Over the past 20 years I have enjoyed teaching postgraduate and undergraduate students from a wide range of health and allied health professions, and at several different universities. I have marked or moderated thousands of pieces of work and learned a lot from diverse perspectives on the experience of life, health, and illness. But despite the passage of time, one assignment remains at the forefront of my mind.
This was a reflective account written by a student approaching the end of their first year as an undergraduate healthcare professional. In it, the student explored their first experiences in clinical placement with a focus on one particular patient; although this person had presented with a physical condition – let`s say appendicitis – they also had a known diagnosis of schizophrenia.
As I read through the student`s introduction to their work, one sentence leapt out at me; the student described their fear and trepidation of approaching this patient because “it was my first psychiatric and I know that they can be violent”.
There was no evidence in anything that the student had written that the patient was behaving differently to any other patient experiencing acute and severe abdominal pain, but their account conjured up an image of a lion tamer approaching a particularly agitated and angry animal.
Before deciding how to respond, I had to take a break from marking to enable the thoughts swirling in my mind time to settle down. My first feeling was disappointment that even after more than 6 months on the course the student considered this comment to be appropriate; to me at best it demonstrated a lack of compassion and empathy for an individual likely to be experiencing significant distress. I then reflected on the fact that not only did the person marking their work (me) have a known psychiatric condition, but that other members of the teaching team had also had their own experiences of mental ill health.
Was this student`s reaction to their encounter with a patient diagnosed with a psychiatric condition the reason several the academics involved with their professional education so closely guarded the secret of their own diagnosis, or vice versa?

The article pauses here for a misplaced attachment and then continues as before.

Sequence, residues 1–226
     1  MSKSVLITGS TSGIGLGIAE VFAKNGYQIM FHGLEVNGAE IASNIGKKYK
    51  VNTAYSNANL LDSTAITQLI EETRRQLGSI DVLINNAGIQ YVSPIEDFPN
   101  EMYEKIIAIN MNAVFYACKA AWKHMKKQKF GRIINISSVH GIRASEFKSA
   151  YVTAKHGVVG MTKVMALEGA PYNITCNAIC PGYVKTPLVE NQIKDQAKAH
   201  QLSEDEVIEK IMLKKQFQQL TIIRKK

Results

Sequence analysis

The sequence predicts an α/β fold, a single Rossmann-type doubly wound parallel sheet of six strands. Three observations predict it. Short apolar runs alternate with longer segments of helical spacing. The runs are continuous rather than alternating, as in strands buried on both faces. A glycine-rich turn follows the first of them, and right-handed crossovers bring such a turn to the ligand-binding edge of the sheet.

All I knew at that point was an irrational fear of what the student`s response would be if they found out that their work had been marked by a ‘psychiatric’, and for much longer than a moment I actually questioned my ability to mark this work. This despite having three degrees (including a PhD); being a registered nurse; being Called to the Bar; having qualified teacher status; being a PhD supervisor and examiner; having Fellowship of the Higher Education Academy (and since then - Senior Fellowship) and many years’ experience as a lecturer and external examiner. The thought actually entered my mind and sat there for a good while before I was able to justify to myself that yes, I was qualified to mark this first-year undergraduate assignment.
There is a well known saying that “sticks and stones may break your bones, but names will never hurt you” but I really cannot agree with it. Although I tried very hard to protect my own children from the pain unkind words brought them, I felt that it was my responsibility to make them understand that what they said to people could, in fact, be very hurtful. Because it is not necessarily the words themselves that are so damaging, but what they represent.
For me, “it was my first psychiatric and I know that they can be violent” brought to mind images of the enormous, dark and forbidding Victorian psychiatric hospitals – the latter day ‘lunatic asylums’ – that I had visited on my ‘mental health’ placement as an undergraduate nurse in the late 1980s. These were places where the mentally ill were locked safely away ostensibly for their own protection, but likely more so for the benefit of the wider community. Even in the more recent days of ‘care in the community’ my experience is that this ethos is perpetuated; my own psychiatric outpatient care has been provided in a unit tucked away in a corner away from the main general hospital buildings.
So, I think I will continue to play my own small part in challenging long held views and misconceptions about ‘psychiatrics’ and our place in contemporary society.
Until next time,